Resilient oil and gas mergers and acquisitions

According to the EY ‘Global oil and gas transactions review 2014’, global oil and gas deal value increased by 69% last year while deal volume continued its decline amidst rising volatility. Commodity price uncertainty, according to the report, will continue to influence transaction decisions in the year ahead as companies seek financial resilience.

Following three years of relatively strong and fairly stable oil prices, weakening market fundamentals in the second half of last year finally outweighed geographical uncertainty, causing oil prices to decline by over 50% and transaction activity to slow by year end. The review has highlighted how 2014 was a notable year for oil and gas transactions despite a 20% drop in oil and gas deal volume to 1885 from 2367 in 2013. Total global deal value grew however by over 69% from 2013 to US$443 billion. The report also shows that a similar story was the case for each oil and gas segment. Deal value increased in upstream by 21%, downstream by 88% and midstream by 115% and oilfield services by 242%. Meanwhile, deal volume dropped for each segment, except for downstream.

Andy Brogan, Global Oil & Gas Transaction Advisory Services Leader at EY said, “a number of transaction trends were evident in 2014, including bigger deals, less acquisition spend by national oil companies (NOCs), continued interest in US unconventional assets and expansion of private equity interest in US unconventional assets and expansion of private equity interest. Looking ahead, we expect to see some disruption from recent oil price volatility but for strength to return to the oil and gas M&A market as the year goes on and companies grapple with increased cost and margin pressures.

Upstream

In the report EY highlights that upstream transactions continued to dominate the global transaction landscape, accounting for approximately 75% of the total global deal volume despite a 22% decline year on year. Meanwhile, upstream share of total deal value fell below 50% for the first time in 2014 following a surge in non-upstream deal activity. Deal value did, however, grow by 21%. Activity in the sector was driven largely by US consolidation and global megadeals. 65% of the total value of global upstream transactions were attributable to 50 deals greater than US$1 billion in value.

Downstream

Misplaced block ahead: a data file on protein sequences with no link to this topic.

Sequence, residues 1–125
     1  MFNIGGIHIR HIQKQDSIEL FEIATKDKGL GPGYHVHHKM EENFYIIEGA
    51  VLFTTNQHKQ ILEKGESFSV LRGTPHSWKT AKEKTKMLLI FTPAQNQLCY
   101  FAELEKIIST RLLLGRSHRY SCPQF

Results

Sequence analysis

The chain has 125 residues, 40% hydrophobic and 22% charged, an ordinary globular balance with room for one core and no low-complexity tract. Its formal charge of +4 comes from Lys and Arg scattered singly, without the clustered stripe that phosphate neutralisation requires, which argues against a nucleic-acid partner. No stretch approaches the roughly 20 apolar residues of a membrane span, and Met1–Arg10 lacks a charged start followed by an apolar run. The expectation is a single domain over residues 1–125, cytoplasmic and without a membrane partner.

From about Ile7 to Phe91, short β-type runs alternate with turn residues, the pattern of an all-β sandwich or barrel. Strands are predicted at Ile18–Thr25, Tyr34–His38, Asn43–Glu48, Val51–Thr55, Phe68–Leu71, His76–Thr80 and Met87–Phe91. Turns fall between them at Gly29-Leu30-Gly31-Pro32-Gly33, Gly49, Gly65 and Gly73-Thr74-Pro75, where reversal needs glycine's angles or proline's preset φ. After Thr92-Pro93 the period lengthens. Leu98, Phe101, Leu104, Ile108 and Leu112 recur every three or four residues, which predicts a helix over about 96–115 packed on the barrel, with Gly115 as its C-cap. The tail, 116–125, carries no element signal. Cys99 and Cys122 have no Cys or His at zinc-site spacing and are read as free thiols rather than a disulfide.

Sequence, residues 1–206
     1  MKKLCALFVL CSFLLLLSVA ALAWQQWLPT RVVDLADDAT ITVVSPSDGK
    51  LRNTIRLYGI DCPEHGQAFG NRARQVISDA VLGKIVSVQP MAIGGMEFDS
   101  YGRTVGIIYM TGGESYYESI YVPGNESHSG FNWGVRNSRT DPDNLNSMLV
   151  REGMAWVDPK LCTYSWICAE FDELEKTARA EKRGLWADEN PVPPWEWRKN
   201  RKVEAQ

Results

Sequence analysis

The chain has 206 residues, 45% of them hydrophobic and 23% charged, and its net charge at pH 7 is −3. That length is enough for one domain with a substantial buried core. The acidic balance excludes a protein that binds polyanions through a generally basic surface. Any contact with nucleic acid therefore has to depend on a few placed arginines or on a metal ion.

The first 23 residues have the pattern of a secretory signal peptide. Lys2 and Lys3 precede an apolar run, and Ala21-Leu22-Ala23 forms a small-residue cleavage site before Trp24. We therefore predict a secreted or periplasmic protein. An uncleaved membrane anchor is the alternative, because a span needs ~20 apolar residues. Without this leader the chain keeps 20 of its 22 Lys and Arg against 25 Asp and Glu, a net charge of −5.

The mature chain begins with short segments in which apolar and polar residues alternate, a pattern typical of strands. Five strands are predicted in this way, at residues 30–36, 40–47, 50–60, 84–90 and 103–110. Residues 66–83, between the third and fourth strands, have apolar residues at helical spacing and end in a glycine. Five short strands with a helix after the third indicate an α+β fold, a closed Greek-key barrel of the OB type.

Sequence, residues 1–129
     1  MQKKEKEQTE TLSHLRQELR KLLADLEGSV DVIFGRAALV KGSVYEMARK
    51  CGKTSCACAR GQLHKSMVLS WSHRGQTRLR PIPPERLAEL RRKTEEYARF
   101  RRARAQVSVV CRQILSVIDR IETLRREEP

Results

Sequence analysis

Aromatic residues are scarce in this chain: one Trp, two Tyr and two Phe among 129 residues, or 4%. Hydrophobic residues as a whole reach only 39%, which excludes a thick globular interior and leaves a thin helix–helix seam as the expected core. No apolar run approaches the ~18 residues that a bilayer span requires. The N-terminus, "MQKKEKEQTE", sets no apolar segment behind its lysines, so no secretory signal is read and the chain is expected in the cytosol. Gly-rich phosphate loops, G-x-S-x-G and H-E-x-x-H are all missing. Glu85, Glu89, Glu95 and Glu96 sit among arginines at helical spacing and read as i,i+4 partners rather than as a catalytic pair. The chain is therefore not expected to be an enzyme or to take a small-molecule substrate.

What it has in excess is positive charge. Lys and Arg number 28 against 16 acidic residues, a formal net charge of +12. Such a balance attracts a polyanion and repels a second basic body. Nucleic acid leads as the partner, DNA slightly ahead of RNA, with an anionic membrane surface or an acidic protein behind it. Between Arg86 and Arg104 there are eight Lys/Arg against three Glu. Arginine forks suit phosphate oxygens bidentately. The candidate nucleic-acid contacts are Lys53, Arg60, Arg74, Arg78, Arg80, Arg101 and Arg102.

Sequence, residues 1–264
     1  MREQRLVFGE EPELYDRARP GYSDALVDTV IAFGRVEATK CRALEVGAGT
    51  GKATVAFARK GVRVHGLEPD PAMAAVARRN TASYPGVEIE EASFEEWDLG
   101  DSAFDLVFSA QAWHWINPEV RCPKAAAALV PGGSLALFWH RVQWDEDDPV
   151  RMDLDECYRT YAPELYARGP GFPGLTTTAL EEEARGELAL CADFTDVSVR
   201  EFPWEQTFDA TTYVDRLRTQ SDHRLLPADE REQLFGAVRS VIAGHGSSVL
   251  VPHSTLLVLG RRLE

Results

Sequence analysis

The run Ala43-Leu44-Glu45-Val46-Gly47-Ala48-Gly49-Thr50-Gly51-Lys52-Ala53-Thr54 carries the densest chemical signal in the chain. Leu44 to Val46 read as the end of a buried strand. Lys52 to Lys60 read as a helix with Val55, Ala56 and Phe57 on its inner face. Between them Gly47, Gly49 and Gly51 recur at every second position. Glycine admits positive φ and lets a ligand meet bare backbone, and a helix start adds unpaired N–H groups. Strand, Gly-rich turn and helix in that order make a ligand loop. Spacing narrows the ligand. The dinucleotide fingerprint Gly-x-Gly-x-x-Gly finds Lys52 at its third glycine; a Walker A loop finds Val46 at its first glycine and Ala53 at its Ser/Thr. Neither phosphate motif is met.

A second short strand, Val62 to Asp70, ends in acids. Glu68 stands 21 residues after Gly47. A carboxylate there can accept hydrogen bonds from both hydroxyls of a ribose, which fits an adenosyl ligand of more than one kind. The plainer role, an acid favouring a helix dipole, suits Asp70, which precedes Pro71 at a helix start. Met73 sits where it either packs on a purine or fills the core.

Downstream transaction activity recorded its strongest deal volumes and aggregate volume in two years with a 16% increase over 2013, according to report findings. It is the only oil and gas segment to record deal volume growth last year. Total disclosed deal value also increased by 88% year on year to US$25.1 billion. The US accounted for the largest number of downstream transactions at approximately 56%, while Asia and Europe were responsible for 16% and 18% respectively. While European activity did fall by 30% in the wake of continued economic uncertainty and supply/demand imbalances last year, the downstream segment shows no sign of slowing.

Brogan commented, “over 70% of downstream transactions in 2014 involved storage terminals in the US, and that figure could be on the rise if the country begins exporting crude oil. Given current oil price dynamics, we expect to see competition between oil and gas companies, independent storage operators, oil traders and infrastructure funds increase in the hunt for the right asset.”

Midstream

The number of midstream transactions dropped off in 2014, the report found, but disclosed value was up. With 102 deals in 2014, activity was down by more than 23%. Deal value doubled however to US$16 billion as a result of several large transactions. The US and Canada dominated the sector for value and volume, accounting for over 78% of all midstream deals and approximately 94% of the global midstream disclosed value. Deal activity involving pipelines accounted for the largest portion of midstream activity.

2015

Of 2015 Brogan said, “oil and gas companies around the world are grappling with how to generate returns and improve costs in the current environment of falling oil prices. The price of oil may dip further in the absence of short term changes to the global oil balance, but we expect the market to strengthen and transaction activity to increase by the latter half of 2015. Improved prices won’t be enough to sustain success. Managing the structural shift underway in today’s oil and gas sector requires financial, operational and portfolio resilience.”


Edited from press release by Claira Lloyd

Published on 03/02/2015


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